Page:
Landing private equity jobs takes operational, financial and relationship skills and a Harvard MBA is not required to be successful. Private equity jobs provide great challenge, power (at the higher levels) and a chance to earn huge income, with the average compensation package well over $200,000 and many partners earning millions each year.
The challenge when seeking private equity jobs is not only finding the opportunity but also being well prepared for the interview and offer process. The private equity and venture capital industries continue to evolve and Job Search Digest provides you with private equity job resources that will help you find an opportunity, create your resume, and prepare for a successful interview.
Job Search Digest has been tracking the private equity/venture capital job market since 2002 and has established a comprehensive database documenting virtually every online job posting in this sector. The Job Search Digest Hiring Trends Report captures job opening conditions across the globe and provides an overview of the job market for finance professionals interested in Private Equity or Venture Capital. Updated quarterly, the report tracks the most important trends in the industry.
There are thousands of funds and many opportunities for private equity jobs. The annual Private Equity Jobs Digest Compensation Reports are based on surveys designed to capture pay information directly from those involved in private equity and venture capital. Over the years, hundreds of partners, principals, vice presidents, associates and others from investment firms, both large and small have contributed to the compensation reports.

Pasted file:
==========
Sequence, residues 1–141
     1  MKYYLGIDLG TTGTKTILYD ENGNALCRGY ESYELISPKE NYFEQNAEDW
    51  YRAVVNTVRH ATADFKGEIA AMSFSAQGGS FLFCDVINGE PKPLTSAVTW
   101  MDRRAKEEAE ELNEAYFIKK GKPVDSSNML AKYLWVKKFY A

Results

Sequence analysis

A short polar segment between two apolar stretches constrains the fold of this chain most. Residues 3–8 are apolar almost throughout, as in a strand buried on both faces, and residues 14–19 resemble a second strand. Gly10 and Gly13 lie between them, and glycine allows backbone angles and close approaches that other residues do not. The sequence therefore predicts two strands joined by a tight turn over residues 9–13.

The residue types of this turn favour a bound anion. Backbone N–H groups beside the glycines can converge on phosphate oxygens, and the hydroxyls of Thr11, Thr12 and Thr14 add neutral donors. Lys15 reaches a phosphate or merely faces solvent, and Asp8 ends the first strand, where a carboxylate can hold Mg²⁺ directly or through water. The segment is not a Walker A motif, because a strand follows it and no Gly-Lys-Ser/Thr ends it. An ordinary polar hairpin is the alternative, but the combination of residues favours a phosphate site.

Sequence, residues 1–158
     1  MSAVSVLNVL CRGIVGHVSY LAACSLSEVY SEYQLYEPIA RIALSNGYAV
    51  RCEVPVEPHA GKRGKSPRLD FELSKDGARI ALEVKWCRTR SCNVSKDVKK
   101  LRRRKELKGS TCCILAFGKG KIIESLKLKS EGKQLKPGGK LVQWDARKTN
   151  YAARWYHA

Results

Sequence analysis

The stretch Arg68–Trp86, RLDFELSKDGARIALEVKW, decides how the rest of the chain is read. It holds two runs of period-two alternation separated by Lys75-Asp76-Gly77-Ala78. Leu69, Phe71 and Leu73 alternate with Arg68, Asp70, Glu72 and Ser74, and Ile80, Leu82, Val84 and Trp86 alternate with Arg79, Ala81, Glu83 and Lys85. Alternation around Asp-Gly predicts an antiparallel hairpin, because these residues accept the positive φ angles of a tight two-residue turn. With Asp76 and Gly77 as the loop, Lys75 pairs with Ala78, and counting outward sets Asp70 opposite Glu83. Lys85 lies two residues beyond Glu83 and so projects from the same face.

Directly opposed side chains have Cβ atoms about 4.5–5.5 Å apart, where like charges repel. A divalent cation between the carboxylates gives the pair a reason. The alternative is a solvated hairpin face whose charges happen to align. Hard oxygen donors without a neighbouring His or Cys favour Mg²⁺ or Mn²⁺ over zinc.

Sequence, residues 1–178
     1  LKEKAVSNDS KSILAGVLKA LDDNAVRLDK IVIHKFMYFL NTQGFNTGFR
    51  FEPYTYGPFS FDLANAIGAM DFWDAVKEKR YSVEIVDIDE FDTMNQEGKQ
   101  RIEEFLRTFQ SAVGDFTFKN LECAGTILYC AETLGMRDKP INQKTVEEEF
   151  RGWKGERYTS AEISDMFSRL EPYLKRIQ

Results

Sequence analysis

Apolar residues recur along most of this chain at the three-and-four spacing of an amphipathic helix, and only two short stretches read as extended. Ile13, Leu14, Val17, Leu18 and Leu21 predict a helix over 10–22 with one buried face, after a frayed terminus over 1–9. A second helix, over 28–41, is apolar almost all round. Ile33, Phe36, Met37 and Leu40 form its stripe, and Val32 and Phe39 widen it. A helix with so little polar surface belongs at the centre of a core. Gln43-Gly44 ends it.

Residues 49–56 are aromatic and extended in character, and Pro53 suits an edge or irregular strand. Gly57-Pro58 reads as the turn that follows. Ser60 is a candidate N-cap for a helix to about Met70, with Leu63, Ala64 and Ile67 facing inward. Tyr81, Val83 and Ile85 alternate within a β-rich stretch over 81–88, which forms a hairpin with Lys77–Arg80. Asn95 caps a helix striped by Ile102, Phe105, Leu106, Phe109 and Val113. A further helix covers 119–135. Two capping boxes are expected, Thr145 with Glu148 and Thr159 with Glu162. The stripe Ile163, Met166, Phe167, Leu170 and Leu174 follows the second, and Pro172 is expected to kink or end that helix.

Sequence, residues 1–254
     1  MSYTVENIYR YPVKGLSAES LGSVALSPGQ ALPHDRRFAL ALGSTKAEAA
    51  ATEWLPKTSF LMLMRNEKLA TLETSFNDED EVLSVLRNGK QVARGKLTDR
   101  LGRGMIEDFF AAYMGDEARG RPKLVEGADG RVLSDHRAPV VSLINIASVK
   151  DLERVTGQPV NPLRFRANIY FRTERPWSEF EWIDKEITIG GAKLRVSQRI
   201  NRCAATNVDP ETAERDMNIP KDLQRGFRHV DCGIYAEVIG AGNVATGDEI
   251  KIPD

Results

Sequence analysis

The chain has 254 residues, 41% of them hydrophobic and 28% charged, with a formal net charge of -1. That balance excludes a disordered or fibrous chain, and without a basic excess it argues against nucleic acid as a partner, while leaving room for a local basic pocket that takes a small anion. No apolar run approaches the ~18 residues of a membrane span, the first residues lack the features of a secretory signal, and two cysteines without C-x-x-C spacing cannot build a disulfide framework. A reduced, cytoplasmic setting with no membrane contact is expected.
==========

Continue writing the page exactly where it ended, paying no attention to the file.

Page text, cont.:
Several years after the economic downturn began, the new framework for successful private equity firms is now in focus. Learn what it means for your career.
Carried Interest is a percentage of a fund’s profits that managers keep on top of management fees and is a big component of the upside in a private equity compensation package. Fund managers receive both carry and a management fee, which executives feel is justified because each investment requires a lot of work to generate a profit. How that carry is shared among the firm’s team members varies widely. The Private Equity Professional’s Guide to Carried Interest helps to sort some of this out.
We often get very specific questions about what it takes to start a career in private equity. Here are some of those questions from professionals looking to break into private equity and answers from private equity insiders. If you are coming from outside the industry there is hope for you!
A private equity or venture capital resume needs to be focused on results and provide specific information surrounding past efforts that achieved results. To create a successful resume, here are a few tips to drive success.
Private equity job interviews are hard to come by in this market but if you land one, you must be doing something right. If you find the interview process is dragging out – you might have a problem….
Our research shows that there is no magic formula or a must-have prerequisite background. Sure, an MBA or investment banking background helps – but things are changing. This article discusses the role of private equity recruiters and how things are shifting away from a financial engineering focus.